B House and the art owned by the S Trust
In 2006, B House (which enhanced security at the Oxfordshire property, and which provided accommodation for employees at the Oxfordshire property to live in) was purchased. It was an asset of the S Trust, which also acquired some valuable art which was displayed at the Oxfordshire property.
Roberts J concluded that these assets of the S Trust would be excluded from the schedule of the parties’ resources. B House provided no direct financial benefit for H, and in relation to the art collection, he could not sell the art, and there was no prospect of him realising value from the collection for his personal benefit other than through a wholesale rearrangement of the family trust structure.
Chattels and art owned by the parties personally
The parties had agreed that H would retain chattels worth c. £3.4m, out of a total value of just under £3.9m. This included the general household contents, of which H would retain contents worth just over £630,000 in the Oxfordshire property, and W would retain contents worth c. £327,000 in London. W submitted that these values should be included on the balance sheet such that allowance could be made in W’s favour for the imbalance. Roberts J ‘heard about four poster beds and two dishwashers which were needed at the Oxfordshire property whereas the contents of her own home in London had been purchased in the main from Peter Jones’ .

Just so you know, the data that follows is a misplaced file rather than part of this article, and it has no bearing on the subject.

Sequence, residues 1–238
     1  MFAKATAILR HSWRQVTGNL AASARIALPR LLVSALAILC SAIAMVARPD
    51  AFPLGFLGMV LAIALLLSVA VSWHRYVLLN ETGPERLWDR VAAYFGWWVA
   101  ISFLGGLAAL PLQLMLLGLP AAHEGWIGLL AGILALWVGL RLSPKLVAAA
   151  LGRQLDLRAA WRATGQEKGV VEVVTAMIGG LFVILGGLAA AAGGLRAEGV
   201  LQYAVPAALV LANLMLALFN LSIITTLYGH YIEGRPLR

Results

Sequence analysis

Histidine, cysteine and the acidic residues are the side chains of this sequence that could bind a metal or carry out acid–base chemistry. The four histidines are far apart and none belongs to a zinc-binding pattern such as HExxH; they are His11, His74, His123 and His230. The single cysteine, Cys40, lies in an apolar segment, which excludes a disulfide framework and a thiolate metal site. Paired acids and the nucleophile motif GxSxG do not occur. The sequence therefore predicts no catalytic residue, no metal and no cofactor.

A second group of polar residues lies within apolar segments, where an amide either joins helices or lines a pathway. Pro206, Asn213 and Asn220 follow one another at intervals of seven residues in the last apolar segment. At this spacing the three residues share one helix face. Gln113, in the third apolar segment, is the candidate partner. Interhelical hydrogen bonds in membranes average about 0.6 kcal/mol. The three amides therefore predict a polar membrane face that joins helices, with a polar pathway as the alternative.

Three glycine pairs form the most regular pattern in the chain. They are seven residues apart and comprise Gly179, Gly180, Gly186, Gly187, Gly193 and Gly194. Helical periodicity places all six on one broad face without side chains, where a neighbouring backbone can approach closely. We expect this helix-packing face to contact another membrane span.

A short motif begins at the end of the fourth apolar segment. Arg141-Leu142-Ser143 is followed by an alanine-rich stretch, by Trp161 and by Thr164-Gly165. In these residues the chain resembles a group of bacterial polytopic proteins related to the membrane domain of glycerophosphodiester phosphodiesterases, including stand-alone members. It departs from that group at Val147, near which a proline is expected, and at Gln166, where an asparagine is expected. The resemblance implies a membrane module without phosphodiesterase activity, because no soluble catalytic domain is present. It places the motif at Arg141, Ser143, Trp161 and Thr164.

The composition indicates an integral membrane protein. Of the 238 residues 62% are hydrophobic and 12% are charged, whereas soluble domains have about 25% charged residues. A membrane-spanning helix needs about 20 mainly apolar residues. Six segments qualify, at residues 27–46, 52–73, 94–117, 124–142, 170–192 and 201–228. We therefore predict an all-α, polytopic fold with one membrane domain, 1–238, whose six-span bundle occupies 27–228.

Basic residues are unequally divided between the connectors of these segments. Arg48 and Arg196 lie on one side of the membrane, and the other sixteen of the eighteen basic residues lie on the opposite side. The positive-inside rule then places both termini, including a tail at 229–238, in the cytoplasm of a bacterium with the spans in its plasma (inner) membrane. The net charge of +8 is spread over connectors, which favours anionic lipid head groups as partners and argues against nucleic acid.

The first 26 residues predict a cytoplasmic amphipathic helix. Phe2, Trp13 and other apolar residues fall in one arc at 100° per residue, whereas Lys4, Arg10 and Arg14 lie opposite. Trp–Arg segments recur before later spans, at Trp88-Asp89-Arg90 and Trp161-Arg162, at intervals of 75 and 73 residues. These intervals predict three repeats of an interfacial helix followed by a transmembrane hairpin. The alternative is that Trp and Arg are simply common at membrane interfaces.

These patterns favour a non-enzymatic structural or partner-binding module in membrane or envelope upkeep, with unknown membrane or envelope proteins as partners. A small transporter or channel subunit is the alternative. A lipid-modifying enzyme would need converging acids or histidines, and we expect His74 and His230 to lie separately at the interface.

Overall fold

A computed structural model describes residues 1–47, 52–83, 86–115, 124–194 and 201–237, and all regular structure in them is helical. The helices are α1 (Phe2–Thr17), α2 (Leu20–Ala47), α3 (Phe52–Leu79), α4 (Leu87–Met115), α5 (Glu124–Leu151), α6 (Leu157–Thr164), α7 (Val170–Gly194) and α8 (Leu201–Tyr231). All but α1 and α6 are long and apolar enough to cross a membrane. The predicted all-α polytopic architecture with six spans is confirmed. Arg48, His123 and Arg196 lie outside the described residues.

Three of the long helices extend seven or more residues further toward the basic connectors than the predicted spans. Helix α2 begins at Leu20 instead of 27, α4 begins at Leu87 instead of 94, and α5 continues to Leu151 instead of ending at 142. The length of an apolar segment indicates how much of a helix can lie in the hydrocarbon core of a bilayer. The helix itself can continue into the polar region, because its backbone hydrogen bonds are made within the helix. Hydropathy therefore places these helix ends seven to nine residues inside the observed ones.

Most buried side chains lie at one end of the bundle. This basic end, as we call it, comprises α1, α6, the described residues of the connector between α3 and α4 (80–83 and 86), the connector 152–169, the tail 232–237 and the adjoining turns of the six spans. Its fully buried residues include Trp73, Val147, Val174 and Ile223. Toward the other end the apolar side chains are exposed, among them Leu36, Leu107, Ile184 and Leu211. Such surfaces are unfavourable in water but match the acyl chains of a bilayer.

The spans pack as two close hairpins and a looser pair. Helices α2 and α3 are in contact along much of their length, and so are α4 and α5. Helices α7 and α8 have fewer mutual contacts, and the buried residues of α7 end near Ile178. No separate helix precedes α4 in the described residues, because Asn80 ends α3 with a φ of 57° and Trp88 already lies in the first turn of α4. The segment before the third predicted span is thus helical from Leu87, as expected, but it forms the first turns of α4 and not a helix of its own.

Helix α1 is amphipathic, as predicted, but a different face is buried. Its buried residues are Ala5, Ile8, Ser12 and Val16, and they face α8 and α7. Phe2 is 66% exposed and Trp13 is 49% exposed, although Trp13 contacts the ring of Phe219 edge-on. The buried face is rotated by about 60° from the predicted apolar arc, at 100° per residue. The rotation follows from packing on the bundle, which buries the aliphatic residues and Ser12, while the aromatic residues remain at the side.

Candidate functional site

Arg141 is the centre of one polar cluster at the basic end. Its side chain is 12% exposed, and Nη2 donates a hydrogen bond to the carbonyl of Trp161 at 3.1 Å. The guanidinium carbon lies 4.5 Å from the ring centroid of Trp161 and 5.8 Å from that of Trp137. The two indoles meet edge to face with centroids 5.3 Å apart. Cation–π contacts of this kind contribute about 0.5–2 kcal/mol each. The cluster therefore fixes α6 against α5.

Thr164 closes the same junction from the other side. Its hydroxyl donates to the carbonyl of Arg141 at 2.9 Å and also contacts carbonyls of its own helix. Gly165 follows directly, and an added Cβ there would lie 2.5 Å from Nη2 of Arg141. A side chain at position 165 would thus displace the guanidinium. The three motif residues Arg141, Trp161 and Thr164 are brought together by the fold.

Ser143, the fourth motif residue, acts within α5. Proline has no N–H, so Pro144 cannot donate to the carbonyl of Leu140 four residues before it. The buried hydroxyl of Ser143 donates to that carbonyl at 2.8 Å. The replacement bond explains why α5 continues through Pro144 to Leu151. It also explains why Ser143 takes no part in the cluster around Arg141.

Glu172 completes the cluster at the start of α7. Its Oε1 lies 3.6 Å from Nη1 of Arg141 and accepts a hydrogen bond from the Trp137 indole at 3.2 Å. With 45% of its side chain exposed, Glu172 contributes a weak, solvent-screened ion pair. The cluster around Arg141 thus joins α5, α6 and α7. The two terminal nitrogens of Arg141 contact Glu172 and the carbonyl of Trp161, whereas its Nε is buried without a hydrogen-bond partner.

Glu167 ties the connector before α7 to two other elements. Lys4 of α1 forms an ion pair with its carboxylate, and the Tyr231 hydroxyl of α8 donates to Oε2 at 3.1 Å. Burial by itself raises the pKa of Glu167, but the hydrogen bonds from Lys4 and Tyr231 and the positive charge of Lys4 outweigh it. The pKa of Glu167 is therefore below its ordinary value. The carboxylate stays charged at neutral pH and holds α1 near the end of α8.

Roberts J did not propose to include in the asset schedule any allowance for general household contents. W would have more than ample resources to spend whatever she regarded as reasonable to re-equip her London home, if she wished to do so, and ‘the absence of a full equalisation in respect of everything from beds, tables, white goods and…“teaspoons”’ was not in any way unfair on the facts of this case.
There was an issue between the parties as to whether or not account should be taken of their individual liabilities in respect of tax.